- It also removes stiffness from hip joints.
Padmasana (Lotus Posture)
In Sanskrit language ‘Padma' means lotus. This asana is a traditional posture. In this asana, physical movements are reduced to the minimum.
- Sit on the ground,
- Fold the right leg and place the right foot above left thigh closer to the hip. Right heel should press lower left part of the abdomen.
- Fold left leg and place it above right thigh. Left heel should press lower
- Right part of the abdomen.
- Place hands on the knees in Jhanamudra.
- Keep the spine straight. Breathe normally.
- Padmasana induces mental calmness and tranquility.
- It tones up the nerves of coccyx and sacral region by supplying them
- with extra blood.
- It improves digestive process and helps to relieve constipation.
- It improves concentration and memory.
- It is helpful for people suffering from shortness of breath.
- It is helpful to treat problems of feet concerning excessive sweat, bad odour and cold/hot sensation.
Siddhasana (Accomplished Posture)
Siddhasana has been accepted by almost all the Hathayogic texts for Sadhana. In Sanskrit, Siddha means the realized, accomplished,attained,acquired. It is said that Siddhasana leads to realisation of the liberation which is the ultimate goal of Hathasadhana,hence the name.
- Sit on the ground; place the heel of the left foot against the anus and the heel of right foot under the testicles along the Sivaninadi or Citrakhyanadi.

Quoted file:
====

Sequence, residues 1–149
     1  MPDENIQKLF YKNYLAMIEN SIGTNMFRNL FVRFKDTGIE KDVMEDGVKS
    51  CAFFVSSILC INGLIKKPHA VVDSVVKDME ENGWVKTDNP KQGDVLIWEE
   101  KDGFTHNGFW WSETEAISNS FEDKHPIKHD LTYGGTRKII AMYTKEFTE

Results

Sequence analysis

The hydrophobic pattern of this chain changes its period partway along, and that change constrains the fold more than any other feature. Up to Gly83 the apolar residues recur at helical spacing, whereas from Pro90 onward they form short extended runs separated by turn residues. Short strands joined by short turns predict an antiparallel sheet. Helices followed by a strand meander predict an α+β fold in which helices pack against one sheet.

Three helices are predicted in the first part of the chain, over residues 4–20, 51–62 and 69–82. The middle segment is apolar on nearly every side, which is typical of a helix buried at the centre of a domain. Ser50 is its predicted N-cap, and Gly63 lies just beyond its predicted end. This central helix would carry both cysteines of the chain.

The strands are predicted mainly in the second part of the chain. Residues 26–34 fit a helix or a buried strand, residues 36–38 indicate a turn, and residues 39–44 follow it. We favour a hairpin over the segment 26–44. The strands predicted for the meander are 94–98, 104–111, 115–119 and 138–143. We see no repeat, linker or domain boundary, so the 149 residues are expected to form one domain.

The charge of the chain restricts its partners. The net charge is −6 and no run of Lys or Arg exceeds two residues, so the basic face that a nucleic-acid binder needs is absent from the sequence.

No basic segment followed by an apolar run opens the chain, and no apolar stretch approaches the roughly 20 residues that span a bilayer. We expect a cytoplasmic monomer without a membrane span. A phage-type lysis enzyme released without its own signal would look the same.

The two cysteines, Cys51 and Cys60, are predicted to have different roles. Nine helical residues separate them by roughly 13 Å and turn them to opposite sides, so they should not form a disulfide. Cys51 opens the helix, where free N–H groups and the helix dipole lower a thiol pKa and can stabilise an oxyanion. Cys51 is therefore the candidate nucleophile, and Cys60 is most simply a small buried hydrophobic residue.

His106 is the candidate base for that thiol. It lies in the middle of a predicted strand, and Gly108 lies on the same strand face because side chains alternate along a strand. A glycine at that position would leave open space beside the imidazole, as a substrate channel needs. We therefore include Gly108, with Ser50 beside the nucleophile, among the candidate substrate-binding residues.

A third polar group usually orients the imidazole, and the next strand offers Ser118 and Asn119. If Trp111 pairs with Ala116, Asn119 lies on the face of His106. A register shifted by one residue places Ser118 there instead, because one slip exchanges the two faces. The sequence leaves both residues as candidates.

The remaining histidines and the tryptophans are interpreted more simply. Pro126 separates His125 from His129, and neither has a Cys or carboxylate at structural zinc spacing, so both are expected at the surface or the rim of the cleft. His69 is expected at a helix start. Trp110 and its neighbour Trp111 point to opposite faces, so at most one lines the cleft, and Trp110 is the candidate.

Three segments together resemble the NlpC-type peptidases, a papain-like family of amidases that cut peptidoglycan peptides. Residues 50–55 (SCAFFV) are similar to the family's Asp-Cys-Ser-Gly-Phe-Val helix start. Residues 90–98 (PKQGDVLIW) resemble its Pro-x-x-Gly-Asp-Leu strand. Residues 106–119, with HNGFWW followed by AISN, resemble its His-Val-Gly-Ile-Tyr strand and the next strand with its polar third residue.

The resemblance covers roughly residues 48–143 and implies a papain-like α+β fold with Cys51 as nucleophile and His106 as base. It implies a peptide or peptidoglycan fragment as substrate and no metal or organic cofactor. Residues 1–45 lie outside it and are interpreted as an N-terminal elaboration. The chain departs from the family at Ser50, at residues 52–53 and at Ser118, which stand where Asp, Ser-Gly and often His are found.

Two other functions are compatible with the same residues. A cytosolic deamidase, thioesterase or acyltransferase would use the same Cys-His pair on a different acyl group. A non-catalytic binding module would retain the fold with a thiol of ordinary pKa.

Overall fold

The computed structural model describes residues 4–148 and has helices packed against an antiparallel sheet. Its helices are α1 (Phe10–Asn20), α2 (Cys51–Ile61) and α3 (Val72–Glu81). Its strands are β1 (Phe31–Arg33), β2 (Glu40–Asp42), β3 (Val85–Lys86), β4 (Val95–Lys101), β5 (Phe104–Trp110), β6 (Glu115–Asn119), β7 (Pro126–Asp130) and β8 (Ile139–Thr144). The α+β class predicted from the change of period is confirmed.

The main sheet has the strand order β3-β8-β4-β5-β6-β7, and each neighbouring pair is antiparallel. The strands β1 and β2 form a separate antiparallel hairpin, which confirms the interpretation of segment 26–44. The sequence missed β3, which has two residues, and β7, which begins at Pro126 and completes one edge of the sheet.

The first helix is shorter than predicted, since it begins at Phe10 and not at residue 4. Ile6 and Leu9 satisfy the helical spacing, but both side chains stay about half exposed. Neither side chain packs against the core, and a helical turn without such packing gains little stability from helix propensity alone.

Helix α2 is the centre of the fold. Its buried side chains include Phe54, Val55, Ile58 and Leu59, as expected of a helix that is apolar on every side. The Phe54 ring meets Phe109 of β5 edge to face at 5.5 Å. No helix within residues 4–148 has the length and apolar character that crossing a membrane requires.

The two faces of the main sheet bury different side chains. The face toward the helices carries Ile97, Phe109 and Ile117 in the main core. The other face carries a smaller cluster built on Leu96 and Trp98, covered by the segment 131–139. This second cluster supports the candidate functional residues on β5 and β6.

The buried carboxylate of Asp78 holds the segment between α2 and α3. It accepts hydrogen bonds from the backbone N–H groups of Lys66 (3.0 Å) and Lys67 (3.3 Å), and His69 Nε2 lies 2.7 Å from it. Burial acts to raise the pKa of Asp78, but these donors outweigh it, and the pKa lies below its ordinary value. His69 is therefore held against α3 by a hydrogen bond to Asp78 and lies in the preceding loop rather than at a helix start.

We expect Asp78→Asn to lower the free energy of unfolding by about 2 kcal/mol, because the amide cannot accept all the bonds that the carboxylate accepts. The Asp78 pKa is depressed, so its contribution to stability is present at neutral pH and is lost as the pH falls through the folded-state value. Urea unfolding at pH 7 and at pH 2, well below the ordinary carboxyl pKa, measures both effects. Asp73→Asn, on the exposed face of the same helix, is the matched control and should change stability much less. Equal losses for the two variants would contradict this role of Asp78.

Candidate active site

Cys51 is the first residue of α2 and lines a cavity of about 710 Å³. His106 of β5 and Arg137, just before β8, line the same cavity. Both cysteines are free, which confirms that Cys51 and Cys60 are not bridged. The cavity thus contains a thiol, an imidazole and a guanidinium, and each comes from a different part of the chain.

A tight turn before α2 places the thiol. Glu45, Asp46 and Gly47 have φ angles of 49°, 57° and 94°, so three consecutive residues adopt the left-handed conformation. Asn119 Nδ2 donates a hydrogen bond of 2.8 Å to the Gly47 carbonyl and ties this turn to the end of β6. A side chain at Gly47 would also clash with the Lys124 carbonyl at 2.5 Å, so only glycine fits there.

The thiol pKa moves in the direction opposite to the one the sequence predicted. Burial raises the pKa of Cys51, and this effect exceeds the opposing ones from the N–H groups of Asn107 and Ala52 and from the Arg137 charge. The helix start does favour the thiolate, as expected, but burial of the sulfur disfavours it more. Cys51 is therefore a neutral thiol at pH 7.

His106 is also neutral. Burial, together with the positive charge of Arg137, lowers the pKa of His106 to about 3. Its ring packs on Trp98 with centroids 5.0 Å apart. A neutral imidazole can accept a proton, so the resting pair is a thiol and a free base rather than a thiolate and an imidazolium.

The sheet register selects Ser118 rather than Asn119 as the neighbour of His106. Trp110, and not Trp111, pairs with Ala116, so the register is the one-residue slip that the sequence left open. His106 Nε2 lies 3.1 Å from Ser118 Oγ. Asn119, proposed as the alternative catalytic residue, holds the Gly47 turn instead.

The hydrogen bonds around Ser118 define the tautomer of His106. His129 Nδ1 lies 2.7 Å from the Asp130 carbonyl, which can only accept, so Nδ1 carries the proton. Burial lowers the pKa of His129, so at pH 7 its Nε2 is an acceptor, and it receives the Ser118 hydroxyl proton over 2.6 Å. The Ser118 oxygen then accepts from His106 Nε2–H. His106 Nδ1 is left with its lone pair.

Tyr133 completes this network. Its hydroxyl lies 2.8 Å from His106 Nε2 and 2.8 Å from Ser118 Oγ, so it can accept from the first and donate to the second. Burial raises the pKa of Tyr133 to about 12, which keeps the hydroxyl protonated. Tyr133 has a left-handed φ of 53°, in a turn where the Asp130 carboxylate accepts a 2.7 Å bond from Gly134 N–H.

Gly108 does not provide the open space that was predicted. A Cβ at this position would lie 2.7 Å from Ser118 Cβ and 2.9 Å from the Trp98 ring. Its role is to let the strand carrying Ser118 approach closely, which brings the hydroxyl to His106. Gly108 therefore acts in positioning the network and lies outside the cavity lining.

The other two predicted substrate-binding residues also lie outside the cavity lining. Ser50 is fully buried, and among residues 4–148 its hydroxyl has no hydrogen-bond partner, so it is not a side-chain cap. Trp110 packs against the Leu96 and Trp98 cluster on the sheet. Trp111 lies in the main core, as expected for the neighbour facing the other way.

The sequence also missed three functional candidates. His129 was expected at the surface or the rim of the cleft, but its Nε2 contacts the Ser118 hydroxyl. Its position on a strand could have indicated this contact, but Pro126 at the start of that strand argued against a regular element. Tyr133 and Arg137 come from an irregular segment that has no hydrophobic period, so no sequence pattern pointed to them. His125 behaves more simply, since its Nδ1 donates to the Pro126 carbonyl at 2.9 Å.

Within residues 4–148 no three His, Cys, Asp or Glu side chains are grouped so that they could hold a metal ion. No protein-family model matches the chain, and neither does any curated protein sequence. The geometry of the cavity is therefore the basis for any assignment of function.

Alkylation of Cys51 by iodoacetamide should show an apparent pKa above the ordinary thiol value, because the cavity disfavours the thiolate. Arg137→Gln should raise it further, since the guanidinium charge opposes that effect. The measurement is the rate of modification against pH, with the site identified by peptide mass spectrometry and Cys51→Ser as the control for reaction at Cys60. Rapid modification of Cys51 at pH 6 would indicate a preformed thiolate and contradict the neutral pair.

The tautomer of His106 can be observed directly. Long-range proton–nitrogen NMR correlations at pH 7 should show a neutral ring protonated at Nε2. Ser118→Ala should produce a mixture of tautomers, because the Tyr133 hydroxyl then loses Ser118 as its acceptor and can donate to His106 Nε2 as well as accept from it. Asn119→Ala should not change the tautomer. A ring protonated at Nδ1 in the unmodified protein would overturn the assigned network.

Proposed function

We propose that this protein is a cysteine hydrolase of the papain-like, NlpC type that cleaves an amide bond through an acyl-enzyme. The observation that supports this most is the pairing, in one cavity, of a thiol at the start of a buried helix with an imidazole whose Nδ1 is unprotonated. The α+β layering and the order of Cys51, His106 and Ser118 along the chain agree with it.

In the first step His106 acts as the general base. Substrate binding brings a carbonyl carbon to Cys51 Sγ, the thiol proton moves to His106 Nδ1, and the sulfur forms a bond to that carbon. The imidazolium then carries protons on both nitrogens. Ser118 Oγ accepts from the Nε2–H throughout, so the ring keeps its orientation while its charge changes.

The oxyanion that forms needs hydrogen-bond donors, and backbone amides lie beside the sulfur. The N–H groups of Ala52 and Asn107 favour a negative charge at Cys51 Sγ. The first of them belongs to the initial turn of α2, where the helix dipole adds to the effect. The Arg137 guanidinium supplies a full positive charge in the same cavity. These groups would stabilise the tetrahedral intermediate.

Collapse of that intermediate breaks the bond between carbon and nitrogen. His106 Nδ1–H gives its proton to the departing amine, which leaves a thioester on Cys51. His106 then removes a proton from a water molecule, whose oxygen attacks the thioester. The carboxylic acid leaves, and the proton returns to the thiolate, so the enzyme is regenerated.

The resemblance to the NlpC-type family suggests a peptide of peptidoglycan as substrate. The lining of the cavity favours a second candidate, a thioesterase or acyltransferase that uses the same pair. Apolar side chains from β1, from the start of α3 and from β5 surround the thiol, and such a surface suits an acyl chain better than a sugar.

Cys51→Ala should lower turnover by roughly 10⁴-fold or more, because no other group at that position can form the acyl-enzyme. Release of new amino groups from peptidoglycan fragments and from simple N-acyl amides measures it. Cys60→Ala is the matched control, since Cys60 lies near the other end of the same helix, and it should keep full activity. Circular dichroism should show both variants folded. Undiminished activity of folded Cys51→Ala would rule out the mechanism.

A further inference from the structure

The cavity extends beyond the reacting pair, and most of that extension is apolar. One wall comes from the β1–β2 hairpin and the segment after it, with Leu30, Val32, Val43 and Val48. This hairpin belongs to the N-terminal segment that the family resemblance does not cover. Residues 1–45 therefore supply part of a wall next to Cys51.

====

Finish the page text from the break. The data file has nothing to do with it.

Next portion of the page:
- The toes of both feet should be kept between the thighs and calves.
- Place the hands on respective knees in Jnanamudra.
- The vertebral column and the whole body should be absolutely erect
- while sitting in this posture.
- Fix the gaze at/on anyone of the following five points/ways - Bhrumadhya (between the eyebrows), Samadrsti (Straight ahead), Nasikagra (the tip of the nose), Ardhonmesa (eyelids half opened), Netrabandha (eyelids completely closed).
- The practice of this asana helps to check sensuality and attainbrahmacharya (celibacy).
- This asana provides mental discipline; ensures the passage of the prana in the Susumnanadi and helps in awakening the Kundalini.
Vajrasana (Thunderbolt Posture)
This can be considered as a meditative posture. While practising it for meditative purposes, one should close his/her eyes at the final stage.
- Sit with legs extended together, hands by the side of the body, palm resting on the ground, fingers pointing forward.